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Giving Children a Role in Remarriage Ceremony Strengthens Family Bond

(ARA) - Holly Powers was in love and preparing to marry Paul Bousquet. But the 45-year-old registered nurse/midwife didn't want a traditional wedding, one that focused exclusively on the bride and groom and their new life together. "We were not a traditional couple," she explains. "I have two teenage children from my first marriage who were going to be part of our lives from day one."

Holly told Paul she wanted to do something special during the wedding to assure her children -- 18-year-old Emily and 16-year-old Michael -- that they were not being abandoned by her remarriage. "Even though I had been divorced for four years, my son Michael had never quite accepted that his father and I would never be together again. I wanted to find a way to tell my children during the wedding ceremony that my marriage to Paul was the first step in building a strong family."

The Ann Arbor, Mich., couple grappled with a problem experienced by most of the more than one million single parents who remarry in the United States each year: What can be done to ease the concerns of children who feel, on a conscious or unconscious level, that their secure place in the family is threatened by the pending remarriage of a parent?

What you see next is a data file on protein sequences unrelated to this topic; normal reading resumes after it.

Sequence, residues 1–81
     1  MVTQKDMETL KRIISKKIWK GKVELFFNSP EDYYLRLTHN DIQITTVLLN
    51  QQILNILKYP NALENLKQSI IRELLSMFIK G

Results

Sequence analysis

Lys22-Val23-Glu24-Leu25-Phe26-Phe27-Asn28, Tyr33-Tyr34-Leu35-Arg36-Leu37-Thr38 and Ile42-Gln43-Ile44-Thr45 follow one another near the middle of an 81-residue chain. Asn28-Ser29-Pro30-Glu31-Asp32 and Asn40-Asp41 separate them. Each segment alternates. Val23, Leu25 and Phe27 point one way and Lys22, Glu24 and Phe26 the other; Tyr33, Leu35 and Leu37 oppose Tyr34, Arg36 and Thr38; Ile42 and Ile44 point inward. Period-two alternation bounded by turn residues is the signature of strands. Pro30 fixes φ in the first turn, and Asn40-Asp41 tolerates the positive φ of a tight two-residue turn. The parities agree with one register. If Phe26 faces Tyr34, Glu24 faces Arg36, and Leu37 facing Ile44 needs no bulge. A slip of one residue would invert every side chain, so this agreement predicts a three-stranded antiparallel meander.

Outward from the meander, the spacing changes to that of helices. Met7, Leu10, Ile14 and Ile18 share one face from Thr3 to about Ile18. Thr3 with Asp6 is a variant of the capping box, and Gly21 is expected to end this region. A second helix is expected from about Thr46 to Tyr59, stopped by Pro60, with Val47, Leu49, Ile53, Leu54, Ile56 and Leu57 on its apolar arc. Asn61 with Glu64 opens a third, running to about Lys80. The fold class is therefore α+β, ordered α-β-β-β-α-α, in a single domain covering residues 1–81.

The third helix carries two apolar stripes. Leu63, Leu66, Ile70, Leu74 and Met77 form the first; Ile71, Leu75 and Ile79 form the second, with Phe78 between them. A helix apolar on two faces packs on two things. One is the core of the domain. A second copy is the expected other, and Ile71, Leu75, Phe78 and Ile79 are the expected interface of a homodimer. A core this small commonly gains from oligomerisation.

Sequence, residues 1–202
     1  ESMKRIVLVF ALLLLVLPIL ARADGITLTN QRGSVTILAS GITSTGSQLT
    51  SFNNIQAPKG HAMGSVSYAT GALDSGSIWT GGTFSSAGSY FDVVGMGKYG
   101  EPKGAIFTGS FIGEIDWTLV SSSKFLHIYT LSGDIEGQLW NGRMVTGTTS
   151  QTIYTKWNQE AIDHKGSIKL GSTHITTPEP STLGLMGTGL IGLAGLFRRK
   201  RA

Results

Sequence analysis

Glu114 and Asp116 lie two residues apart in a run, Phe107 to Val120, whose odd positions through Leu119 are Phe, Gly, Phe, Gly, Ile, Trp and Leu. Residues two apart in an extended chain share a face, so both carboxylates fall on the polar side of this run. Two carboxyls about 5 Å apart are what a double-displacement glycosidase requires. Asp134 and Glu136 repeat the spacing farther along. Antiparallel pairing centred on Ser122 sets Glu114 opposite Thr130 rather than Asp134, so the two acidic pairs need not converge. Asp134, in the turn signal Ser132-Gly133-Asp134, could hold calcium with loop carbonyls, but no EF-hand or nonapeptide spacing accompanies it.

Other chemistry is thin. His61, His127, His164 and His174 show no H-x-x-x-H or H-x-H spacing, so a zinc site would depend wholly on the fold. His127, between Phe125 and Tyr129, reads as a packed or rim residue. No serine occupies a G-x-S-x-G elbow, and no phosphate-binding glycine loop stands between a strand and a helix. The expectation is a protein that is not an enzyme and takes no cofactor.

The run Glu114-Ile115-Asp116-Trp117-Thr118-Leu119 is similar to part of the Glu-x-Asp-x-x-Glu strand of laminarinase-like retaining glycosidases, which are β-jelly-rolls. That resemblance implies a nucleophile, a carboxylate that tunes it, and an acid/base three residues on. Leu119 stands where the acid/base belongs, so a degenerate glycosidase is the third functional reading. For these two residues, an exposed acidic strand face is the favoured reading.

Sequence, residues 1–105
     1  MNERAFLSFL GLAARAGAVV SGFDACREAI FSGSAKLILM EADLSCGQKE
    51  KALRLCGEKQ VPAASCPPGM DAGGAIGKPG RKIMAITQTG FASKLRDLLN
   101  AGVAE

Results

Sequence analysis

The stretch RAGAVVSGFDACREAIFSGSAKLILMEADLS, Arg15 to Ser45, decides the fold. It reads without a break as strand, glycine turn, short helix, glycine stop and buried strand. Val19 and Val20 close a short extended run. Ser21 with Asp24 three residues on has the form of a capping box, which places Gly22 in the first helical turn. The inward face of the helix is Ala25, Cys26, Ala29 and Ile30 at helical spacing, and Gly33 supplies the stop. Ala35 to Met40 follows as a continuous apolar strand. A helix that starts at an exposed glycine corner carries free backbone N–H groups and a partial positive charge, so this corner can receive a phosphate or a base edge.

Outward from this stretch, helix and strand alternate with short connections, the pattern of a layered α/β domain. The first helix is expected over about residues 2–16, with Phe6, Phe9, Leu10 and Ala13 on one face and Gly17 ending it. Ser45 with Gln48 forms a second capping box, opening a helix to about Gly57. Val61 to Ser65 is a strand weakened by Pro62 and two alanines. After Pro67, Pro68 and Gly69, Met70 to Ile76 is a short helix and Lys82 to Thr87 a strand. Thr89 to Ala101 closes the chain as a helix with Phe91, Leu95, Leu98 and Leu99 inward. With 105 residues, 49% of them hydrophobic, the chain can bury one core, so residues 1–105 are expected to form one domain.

Holly eventually found a simple and emotionally satisfying answer in the form of a family-oriented wedding service that gives children a meaningful role in the wedding nuptials. This five-minute ceremony -- known as the Family Medallion service -- can easily be integrated into any religious or civil wedding ceremony. It differs from the traditional wedding in only one respect: After the newlyweds exchange rings, their children join them for a special service focusing on the family nature of remarriage. Each child is given a gold or silver Family Medallion with three interlocking circles, a symbol that represents family love in much the same way the wedding ring signifies conjugal love. (The medallion is available in the form of a pendant, ring, key ring or lapel pin.)

Holly especially liked the family symbolism of the medallion, with the three interlocking circles representing the husband, wife and children. She also appreciated the fact that the Family Medallion service could be used as is or adapted to any couple's unique situation. Holly chose to adapt the service, expanding the ceremony beyond the formal commitment to love and protect all the children either spouse brought to the marriage.

"We used language that emphasized the challenges of building a life together," Holly adds. This included acknowledging that it would take time to adjust to the new family unit and that to succeed they must constantly communicate and foster trust and intimacy by doing things together as a family.

Holly says that she and Paul will never forget the moment during their August 2005 wedding when Emily and Michael were summoned to their sides to participate in the family wedding service. While the justice of the peace recited the words of the ceremony that Holly had so carefully crafted, Holly and Paul placed the Family Medallions around the necks of Emily and Michael. Emily -- and most of the guests at the wedding -- were moved to tears.